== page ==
Eukaryotic cells not only produce molecules of countless different types but manage to deliver them to different destinations with astonishing precision, and this gives us the problem of understanding how they manage to cope with such an immensely intricate traffic. The first step in the solution of this mystery came with the discovery that the Golgi apparatus is involved not only in the biochemical modification of innumerable molecules but also in the choice of their geographical destination. But the truly remarkable thing is that all this is achieved with an extremely simple mechanism. More precisely, the Golgi apparatus delivers an astonishing number of molecules to their destinations with only three types of vesicles. One type has labels for the transport of proteins outside the cell and another for their delivery to the cell interior, whereas the vesicles of the third type carry no destination label, and are programmed, by default, to reach the plasma membrane. As we can see, the solution is extraordinarily efficient. With a single mechanism and only two types of labels, the cell delivers a great amount of proteins to their destinations, and also manages to continually renew its plasma membrane.
The Golgi apparatus, however, is a transit place only for a fraction of the cell proteins. The synthesis of all eukaryotic proteins begins in the soluble part of the cytoplasm (the cytosol), together with that of a signal that specifies their geographical destination. The piece of the amino acid chain that emerges first from the ribosome (the peptide leader) can contain a sequence that the cell interprets as an export signal to the endoplasmic reticulum. If such a signal is present, the ribosome binds itself to the reticulum and delivers the protein into its lumen. If not, the synthesis continues on free ribosomes, and the proteins are shed into the cytosol. Of these, however, only a fraction remains there, because the amino acid chain can carry, in its interior, one or more signals which specify other destinations, such as the nucleus, the mitochondria, and other cell compartments. Proteins, in conclusion, carry with them the signals of their geographical destination, and even the absence of such signals has a meaning, because it implies that the protein is destined to remain in the cytosol.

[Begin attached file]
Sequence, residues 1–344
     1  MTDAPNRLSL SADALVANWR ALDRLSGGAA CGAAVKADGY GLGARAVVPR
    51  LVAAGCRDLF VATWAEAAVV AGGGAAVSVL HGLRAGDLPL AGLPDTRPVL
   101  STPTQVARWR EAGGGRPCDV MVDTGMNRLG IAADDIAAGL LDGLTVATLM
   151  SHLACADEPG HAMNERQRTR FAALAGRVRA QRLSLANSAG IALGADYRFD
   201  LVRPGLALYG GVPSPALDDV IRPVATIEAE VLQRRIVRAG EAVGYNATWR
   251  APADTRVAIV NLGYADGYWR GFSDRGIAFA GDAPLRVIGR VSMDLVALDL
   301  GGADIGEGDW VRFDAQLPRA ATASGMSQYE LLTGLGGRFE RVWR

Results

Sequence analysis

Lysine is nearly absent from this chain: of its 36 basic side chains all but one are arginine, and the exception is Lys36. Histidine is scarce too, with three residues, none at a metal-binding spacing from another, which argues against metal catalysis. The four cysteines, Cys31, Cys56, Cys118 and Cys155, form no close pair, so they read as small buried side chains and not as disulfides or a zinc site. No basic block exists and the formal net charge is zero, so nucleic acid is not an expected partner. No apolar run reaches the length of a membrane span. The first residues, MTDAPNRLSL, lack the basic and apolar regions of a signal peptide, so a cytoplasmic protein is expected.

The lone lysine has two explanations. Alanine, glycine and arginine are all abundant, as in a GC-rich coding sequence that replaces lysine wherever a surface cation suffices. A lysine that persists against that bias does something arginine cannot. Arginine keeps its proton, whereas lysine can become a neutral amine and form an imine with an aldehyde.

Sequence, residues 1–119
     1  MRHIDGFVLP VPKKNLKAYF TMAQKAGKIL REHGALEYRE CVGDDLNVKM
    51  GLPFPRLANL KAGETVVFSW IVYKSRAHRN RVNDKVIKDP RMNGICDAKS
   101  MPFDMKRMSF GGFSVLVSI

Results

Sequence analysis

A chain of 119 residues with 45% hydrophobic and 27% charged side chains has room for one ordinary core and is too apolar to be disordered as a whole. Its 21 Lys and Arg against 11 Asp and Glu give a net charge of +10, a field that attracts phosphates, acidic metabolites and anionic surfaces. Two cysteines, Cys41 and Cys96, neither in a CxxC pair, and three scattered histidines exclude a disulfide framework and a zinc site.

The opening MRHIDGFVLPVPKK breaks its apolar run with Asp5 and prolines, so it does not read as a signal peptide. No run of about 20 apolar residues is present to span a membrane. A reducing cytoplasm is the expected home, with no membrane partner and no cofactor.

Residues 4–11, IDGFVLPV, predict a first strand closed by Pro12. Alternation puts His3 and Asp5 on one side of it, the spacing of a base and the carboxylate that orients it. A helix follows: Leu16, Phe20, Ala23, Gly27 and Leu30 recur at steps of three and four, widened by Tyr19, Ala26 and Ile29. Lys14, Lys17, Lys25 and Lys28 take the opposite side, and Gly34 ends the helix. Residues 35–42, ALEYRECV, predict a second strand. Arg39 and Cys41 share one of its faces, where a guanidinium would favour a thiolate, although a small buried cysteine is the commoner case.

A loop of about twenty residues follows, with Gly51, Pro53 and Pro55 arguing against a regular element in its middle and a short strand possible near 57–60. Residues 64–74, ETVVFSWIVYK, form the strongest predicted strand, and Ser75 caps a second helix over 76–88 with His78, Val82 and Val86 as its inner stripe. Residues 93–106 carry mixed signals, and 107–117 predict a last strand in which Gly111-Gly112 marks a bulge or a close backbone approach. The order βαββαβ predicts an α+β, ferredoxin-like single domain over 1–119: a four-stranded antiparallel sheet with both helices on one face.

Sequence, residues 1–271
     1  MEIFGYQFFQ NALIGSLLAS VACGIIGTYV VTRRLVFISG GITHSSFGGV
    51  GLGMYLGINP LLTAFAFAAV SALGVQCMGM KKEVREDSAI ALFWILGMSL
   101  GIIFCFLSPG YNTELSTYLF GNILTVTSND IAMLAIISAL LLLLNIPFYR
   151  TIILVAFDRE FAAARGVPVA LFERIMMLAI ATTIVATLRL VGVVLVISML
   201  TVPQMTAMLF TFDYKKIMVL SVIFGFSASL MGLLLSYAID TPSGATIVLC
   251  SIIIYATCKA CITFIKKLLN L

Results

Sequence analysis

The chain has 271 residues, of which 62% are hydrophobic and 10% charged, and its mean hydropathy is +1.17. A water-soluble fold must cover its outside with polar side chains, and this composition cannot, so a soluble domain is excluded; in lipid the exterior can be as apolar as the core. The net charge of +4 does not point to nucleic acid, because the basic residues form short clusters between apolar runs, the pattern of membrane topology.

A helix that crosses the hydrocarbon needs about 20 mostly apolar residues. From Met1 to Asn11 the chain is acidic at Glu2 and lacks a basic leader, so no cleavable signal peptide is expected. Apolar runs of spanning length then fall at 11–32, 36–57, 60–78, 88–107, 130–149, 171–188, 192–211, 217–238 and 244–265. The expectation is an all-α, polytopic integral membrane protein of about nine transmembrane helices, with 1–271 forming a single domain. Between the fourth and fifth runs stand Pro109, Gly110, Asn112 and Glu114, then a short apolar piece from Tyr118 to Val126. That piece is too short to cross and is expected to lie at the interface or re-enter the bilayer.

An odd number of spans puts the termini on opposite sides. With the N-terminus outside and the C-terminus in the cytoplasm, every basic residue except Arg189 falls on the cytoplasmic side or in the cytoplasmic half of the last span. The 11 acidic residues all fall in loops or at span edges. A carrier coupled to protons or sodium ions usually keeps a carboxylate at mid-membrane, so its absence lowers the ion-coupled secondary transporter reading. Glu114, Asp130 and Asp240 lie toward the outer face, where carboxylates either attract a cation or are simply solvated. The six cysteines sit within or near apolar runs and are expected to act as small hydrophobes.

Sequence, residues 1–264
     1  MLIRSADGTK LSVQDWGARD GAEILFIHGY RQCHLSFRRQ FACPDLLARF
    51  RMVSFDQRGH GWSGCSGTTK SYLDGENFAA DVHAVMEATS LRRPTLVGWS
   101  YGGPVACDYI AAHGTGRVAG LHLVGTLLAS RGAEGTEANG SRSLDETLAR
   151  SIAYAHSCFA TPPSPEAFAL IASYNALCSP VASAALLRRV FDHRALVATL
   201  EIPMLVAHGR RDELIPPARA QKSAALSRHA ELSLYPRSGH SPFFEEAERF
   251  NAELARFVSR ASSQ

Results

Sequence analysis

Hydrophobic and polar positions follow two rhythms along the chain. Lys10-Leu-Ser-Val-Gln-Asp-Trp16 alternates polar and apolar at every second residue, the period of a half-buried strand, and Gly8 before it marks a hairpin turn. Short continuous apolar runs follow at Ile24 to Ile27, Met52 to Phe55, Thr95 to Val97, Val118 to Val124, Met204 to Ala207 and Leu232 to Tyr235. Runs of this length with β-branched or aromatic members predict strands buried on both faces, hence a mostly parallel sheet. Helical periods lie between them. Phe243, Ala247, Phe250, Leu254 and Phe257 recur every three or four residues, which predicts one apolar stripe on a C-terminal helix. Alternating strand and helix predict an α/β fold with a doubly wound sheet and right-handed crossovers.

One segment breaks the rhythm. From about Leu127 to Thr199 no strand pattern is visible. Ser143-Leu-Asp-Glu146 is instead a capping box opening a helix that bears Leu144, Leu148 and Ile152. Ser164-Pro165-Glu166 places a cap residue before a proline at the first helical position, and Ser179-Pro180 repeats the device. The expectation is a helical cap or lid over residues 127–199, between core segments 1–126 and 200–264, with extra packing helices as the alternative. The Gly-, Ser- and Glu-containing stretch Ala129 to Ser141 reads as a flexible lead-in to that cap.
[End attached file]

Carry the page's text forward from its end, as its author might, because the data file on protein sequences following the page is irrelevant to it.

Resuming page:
The crucial point is that there is no necessary correspondence between protein signals and geographical destinations. The export-to-the-nucleus signals, for example, could have been used for other compartments, or could have been totally different. They and all the other geographical signals are purely conventional labels, like the names that we give to streets, cities, airports, and holiday resorts. The existence of eukaryotic compartments, in other words, is based on natural conventions, and to their rules of correspondence we can legitimately give the name of compartment codes (Barbieri, 2003).
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